Lux Research has more than doubled its projection on the carbon fiber automobile market to $6 billion by 2020, and the company estimates the materials will be “poised to gain widespread adoption” for manufacturers by 2025.
“Even this figure is dwarfed by the full potential for (carbon-fiber reinforced plastics) in automotive if they can become affordable enough for use in mainstream vehicles,” Lux wrote about the $6 million in a Feb. 18 news release.
One of the things driving these predictions was a Lux calculation that you’ll see a new material go mainstream about 18 years after a surge in patents. Adding that to a 2007 “major upturn” in carbon-fiber gave the research company the 2025 date.
More concretely: More original equipment manufacturers are partnering with carbon fiber companies — nearly twice as many as in 2012, according to Lux.
Lux said Toray “has formed the most new relationships and is a major hub,” singling out its deals with Plasan Carbon Composites — who is No. 1 in automotive carbon fiber in North America — and major auto components manufacturer Magna.
“Current trends strongly indicate significant mainstream automotive adoption of CFRPs in the mid-2020s, and companies throughout the value chain must position themselves to take advantage of the coming shifts. However, long-term megatrends towards urbanization, connectivity and automation suggest that there could be a limited time window beyond that for penetrating the automotive space,” report author Anthony Vicari said in a statement.
A major hurdle is cost. Carbon-fiber-reinforced plastics cost $280.58 a pound, according to Lux, and most of that expense isn’t the carbon fiber itself but the manufacturing process.
To explain this and clear up confusion between “Carbon fiber” and “carbon-fiber reinforced plastics,” — Lux uses them interchangeably, probably because anyone not producing stuff just says “carbon fiber” anyway — we’ll rely on this excellent Ars Technica piece.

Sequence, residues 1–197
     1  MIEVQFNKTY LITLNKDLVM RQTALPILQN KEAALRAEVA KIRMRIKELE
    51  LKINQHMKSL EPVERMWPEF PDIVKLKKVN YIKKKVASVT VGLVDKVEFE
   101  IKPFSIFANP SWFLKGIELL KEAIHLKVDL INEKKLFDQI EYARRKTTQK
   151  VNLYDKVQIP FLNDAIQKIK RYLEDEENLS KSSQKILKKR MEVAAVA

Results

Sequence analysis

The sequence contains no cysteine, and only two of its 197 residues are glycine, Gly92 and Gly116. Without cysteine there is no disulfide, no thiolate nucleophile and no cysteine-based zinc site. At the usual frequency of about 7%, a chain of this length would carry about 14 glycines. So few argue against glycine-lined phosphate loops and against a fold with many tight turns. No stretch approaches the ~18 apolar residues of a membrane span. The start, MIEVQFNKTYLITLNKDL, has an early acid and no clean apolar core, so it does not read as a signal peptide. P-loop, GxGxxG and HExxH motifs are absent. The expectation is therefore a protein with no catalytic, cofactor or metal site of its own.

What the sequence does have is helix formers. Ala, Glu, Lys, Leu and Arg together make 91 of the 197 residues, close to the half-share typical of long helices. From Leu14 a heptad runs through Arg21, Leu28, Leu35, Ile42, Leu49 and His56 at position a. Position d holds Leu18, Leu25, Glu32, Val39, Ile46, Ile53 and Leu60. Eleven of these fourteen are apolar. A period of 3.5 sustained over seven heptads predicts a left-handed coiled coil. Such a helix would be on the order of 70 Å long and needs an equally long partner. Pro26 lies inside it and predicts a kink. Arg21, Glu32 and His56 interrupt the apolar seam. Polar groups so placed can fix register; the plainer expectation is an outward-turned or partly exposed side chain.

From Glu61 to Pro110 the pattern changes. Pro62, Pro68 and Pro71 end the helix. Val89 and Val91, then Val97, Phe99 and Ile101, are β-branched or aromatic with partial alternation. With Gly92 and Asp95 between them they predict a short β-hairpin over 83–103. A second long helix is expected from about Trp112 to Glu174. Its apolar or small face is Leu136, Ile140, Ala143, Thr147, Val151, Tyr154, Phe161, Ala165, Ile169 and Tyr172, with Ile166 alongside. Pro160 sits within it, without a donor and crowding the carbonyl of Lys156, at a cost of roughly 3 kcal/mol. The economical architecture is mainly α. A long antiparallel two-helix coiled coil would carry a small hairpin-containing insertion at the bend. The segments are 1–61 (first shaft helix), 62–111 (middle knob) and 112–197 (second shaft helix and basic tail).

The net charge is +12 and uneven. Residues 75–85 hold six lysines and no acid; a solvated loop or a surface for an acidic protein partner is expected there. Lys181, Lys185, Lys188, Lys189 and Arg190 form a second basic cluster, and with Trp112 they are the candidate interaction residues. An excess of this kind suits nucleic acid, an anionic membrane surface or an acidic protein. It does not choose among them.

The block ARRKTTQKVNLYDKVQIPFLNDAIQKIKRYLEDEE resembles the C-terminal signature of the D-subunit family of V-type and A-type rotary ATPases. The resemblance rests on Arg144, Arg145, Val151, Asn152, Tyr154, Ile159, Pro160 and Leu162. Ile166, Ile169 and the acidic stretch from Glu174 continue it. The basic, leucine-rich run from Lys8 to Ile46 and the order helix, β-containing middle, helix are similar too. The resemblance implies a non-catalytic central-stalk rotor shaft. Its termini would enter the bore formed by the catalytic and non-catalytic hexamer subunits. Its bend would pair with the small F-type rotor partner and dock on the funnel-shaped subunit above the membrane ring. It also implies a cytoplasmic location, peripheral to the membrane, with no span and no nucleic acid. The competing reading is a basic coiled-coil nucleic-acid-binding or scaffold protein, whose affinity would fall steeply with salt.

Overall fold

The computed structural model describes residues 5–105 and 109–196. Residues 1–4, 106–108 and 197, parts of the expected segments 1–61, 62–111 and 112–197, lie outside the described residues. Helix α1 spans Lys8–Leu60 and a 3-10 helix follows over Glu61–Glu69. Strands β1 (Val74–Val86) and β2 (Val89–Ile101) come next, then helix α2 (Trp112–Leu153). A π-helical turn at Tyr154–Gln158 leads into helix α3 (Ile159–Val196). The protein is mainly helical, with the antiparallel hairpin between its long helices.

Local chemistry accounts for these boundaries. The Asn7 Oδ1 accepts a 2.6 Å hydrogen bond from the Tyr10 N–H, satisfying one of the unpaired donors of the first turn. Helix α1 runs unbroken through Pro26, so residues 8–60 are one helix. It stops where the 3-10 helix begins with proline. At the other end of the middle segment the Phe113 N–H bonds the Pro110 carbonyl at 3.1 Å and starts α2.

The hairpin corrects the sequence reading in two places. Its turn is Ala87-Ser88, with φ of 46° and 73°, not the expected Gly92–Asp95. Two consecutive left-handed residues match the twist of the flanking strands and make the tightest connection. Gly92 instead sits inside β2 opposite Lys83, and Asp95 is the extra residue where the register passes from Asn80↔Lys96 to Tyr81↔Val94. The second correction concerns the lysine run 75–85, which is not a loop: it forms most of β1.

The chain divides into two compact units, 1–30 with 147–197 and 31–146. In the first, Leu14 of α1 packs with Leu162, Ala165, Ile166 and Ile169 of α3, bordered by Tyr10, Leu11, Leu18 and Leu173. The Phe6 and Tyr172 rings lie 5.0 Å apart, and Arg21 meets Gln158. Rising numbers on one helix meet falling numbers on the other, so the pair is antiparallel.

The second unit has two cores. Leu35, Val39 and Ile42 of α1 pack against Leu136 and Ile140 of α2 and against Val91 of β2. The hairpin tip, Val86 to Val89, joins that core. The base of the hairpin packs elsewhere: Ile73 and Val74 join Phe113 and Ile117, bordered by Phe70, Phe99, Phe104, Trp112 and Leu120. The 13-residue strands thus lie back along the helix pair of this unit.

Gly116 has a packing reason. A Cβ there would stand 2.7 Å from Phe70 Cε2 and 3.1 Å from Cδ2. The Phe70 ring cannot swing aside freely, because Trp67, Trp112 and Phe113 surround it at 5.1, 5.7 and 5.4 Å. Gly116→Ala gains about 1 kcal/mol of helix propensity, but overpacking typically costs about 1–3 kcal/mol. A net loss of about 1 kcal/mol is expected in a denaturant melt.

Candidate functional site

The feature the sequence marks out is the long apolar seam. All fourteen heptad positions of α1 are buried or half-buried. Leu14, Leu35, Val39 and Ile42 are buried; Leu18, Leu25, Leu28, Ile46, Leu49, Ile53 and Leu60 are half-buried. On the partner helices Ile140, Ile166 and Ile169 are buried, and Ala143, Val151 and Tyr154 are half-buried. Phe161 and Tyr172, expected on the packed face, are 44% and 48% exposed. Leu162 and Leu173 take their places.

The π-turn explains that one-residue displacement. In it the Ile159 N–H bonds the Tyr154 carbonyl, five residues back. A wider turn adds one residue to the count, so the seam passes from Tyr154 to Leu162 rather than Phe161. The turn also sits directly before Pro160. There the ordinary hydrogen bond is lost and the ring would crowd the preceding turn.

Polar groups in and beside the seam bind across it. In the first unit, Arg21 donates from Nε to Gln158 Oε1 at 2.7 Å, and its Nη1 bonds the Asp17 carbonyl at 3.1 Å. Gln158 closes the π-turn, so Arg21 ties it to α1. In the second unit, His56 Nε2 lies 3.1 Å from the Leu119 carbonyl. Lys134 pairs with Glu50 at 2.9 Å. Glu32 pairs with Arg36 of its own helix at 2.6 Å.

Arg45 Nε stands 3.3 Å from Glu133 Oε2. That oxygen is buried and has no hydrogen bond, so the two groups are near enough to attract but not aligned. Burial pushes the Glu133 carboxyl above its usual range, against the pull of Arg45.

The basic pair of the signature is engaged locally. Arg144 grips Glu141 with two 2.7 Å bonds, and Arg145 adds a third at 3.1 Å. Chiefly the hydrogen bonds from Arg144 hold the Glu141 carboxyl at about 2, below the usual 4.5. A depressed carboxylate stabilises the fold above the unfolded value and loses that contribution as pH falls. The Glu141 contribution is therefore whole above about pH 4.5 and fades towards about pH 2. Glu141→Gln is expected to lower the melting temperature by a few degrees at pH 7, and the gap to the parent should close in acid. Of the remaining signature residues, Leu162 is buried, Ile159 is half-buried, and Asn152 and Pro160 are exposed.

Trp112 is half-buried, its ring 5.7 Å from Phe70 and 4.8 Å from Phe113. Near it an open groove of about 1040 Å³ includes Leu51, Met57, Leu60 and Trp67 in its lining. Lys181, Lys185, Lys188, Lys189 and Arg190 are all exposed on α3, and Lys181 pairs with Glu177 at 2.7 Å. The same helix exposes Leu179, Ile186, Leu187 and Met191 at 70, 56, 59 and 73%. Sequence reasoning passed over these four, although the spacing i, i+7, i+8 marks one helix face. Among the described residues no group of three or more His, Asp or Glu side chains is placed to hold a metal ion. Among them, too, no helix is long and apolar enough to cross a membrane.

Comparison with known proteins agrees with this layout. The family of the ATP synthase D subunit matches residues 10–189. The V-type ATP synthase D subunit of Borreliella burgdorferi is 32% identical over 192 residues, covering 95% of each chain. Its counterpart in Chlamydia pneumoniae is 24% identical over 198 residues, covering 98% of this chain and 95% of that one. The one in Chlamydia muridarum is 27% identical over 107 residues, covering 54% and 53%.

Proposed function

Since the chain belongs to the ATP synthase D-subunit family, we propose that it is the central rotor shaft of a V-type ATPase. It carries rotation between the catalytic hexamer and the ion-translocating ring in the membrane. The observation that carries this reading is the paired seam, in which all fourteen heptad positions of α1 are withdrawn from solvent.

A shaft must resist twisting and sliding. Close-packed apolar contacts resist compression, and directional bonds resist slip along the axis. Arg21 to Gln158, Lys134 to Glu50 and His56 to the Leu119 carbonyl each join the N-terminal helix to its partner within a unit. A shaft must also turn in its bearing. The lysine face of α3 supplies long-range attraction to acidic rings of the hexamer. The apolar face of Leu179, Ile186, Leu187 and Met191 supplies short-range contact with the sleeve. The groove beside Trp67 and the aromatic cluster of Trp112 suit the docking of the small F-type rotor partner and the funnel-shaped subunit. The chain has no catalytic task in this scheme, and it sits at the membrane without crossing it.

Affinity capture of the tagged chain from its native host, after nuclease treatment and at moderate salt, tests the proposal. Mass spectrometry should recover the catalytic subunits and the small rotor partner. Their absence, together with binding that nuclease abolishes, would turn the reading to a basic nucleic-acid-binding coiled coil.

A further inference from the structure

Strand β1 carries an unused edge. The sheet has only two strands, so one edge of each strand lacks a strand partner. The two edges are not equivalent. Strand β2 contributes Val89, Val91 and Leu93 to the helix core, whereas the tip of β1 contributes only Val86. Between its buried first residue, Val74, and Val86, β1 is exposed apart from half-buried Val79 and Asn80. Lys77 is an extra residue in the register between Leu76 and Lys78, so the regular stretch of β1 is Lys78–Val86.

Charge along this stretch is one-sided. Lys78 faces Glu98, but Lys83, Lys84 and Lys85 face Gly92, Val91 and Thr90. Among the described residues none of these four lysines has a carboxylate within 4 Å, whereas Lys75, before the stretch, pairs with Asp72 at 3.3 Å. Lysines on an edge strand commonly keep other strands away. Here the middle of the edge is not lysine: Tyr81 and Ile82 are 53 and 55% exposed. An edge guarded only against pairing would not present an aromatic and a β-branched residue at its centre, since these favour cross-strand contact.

Everything that you’d commonly call carbon fiber is probably really carbon-fiber-reinforced plastic, according to Ars Technica.
That’s because to develop that key ingredient in your BMW i3 or the golf clubs in the trunk, carbon fibers are combined with a polymer (hence the “plastic” term) resin to give it a shape and help “glue” it together, according to Ars Technica. The process also can encourage carbon fibers to bond with themselves — the element likes to do that — making the resulting material stronger.
With one caveat:
“If carbon fiber has a downside, it is the material’s potential brittleness,” the Ars Technica piece noted. “Although carbon fiber is strong, the crystalline structure is more prone to shattering than steel or aluminum.”
The other downside for auto repairers: It can be tougher to repair, according a July 2014 BMW blog about the 2015 i3.
You can’t actually fix or pound out a broken carbon-fiber piece, BMW blog reported. You’ll need to remove it, and BMW designed certain sections of the car that can be swapped out with a new carbon-fiber section.
This can be done by cutting out the damaged area at one of five points: on top of the A, B, and C pillars and in front of and behind the floor pan, according to the blog, noting that this is done with a special repair tool. You’ll also need a special tool to remove glass from the “Life Module” passenger area.
Read our coverage of past predictions for auto body materials, which includes discussion of carbon fiber and the i3, here.